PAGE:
Thus it is one object of the invention to permit the pumping of long fiber solids in a washing machine with reduced risk of clogging.
The vane may subtend an angle of less than 270° about an axis concentric with the motor shaft. Further, an edge of the vane closest to the motor shaft may be displaced radially from the motor shaft.
Thus it is another object of the invention to provide a vane construction that is believed to break up static vortices such as may promote roping and clogging by long fiber materials.
The vane may extend, in part, radially from an axis concentric with the motor shaft and a lip of the vane may taper at an end of the vane toward the motor shaft.
Thus it is another object of the invention to reduce points of entanglement with long fiber materials.
The vane may be constructed of an elastomeric material.
Thus it is another object of the invention to provide a vane that is resistant to impacts of entrained objects and to being jammed by materials lodged between the impeller and volute of the pump.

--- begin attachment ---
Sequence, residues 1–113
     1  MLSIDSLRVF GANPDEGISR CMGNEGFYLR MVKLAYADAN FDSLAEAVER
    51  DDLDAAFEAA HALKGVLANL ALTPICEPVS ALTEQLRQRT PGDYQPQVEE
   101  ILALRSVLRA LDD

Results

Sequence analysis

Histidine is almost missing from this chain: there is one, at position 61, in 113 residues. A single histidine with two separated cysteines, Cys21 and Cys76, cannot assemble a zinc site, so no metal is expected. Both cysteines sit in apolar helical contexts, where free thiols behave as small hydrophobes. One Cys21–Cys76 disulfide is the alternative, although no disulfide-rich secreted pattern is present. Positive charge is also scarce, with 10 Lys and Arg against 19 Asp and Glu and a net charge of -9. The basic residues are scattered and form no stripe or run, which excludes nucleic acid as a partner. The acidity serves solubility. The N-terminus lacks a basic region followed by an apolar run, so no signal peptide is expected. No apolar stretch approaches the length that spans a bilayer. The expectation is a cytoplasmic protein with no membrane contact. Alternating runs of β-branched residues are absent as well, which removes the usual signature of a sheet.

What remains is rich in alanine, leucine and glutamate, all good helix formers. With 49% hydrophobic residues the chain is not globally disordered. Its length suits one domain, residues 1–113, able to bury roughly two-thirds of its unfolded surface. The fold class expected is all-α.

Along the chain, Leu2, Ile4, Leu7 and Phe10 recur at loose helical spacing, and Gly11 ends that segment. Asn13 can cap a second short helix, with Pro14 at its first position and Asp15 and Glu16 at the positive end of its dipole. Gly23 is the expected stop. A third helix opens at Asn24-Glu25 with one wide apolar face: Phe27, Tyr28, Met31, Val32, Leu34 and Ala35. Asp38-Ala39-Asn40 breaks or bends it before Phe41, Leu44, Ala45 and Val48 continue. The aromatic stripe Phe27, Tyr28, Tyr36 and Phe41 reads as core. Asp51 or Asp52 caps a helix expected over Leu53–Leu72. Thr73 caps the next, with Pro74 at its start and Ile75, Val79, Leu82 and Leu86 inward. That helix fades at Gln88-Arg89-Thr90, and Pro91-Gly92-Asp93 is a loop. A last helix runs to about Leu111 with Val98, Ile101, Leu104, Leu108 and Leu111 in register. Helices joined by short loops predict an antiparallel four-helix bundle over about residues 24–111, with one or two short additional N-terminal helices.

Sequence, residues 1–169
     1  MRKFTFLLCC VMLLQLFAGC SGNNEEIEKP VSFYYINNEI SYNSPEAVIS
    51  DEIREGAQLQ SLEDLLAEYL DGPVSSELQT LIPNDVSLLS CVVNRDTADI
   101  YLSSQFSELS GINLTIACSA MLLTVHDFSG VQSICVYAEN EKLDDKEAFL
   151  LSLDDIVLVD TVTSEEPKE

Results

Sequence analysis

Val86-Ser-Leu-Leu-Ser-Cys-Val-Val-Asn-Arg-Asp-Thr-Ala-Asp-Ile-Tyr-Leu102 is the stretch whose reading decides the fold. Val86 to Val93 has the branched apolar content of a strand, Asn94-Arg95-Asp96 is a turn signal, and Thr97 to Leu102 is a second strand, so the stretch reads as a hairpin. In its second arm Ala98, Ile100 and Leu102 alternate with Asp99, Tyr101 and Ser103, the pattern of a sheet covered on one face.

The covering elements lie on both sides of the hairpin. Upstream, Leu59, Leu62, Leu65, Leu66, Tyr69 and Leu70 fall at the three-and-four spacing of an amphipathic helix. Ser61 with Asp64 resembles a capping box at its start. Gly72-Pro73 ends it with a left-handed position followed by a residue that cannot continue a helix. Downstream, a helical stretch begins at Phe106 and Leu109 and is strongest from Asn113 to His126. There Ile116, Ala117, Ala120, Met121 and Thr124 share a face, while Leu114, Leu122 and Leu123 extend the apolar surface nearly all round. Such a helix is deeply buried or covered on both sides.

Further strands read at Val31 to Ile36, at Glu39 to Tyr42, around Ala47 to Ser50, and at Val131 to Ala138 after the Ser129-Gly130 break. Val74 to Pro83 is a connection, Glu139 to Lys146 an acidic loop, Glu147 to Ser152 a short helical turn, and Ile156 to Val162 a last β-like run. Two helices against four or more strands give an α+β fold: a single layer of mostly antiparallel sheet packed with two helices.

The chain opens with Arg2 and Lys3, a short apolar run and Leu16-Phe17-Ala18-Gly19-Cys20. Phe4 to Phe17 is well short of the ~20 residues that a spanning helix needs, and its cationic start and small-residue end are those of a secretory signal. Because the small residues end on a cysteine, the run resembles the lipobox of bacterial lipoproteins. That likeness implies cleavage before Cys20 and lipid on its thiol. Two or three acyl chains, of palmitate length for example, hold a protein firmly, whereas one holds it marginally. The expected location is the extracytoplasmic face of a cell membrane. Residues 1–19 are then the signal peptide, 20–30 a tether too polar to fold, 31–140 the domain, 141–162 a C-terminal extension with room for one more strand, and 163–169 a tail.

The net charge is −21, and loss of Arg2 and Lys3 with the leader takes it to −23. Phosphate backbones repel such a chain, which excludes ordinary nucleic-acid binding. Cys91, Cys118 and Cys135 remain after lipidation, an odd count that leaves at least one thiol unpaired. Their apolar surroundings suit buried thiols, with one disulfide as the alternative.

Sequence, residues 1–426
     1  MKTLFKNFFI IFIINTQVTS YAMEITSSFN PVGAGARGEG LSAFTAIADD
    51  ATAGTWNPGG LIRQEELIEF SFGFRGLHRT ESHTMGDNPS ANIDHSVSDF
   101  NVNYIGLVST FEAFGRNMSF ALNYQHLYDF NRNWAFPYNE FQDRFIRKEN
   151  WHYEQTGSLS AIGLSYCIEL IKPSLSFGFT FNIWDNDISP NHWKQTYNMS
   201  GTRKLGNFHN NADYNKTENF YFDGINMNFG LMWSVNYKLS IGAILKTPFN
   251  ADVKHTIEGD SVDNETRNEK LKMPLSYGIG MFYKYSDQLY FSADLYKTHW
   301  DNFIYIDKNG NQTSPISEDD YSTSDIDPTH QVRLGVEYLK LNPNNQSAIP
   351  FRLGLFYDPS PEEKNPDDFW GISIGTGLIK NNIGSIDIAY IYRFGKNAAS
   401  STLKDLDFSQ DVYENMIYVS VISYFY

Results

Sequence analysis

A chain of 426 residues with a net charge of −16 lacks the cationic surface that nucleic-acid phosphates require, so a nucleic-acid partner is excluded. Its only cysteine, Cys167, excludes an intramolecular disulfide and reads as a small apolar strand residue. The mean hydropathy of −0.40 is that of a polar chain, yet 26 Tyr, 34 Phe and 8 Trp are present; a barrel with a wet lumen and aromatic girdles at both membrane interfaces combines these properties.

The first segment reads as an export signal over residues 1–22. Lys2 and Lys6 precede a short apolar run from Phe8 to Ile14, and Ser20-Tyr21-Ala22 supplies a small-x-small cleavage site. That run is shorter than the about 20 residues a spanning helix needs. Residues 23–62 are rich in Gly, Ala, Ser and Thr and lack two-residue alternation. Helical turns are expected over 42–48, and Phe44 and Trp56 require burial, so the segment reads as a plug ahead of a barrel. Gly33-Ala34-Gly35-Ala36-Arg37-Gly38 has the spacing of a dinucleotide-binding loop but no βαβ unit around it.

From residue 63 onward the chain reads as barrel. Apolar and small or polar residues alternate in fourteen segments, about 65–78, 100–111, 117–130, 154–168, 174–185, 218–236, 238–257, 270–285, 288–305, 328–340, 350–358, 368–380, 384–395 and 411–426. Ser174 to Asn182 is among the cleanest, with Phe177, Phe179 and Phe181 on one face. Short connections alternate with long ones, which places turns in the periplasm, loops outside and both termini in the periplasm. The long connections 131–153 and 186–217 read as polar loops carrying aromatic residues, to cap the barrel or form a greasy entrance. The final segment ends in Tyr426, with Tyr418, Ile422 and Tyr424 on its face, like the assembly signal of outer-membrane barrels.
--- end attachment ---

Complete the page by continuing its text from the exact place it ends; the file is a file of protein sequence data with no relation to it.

The impeller may project axially from a front surface of a backing disk extending radially from the motor shaft. The pump volume may be substantially cylindrical and the disk may extend to the cylindrical wall of the pump volume. Further, the pump housing may include a stationary vane extending radially and axially adjacent to a rear surface of the backing disk.
Thus it is another object of the invention to provide a design that resists the drawing in entanglement of fibers about the motor shaft. The stationary vane prevents the rotation of water such as might pull material behind the backer plate while the backer plate blocks the material generally.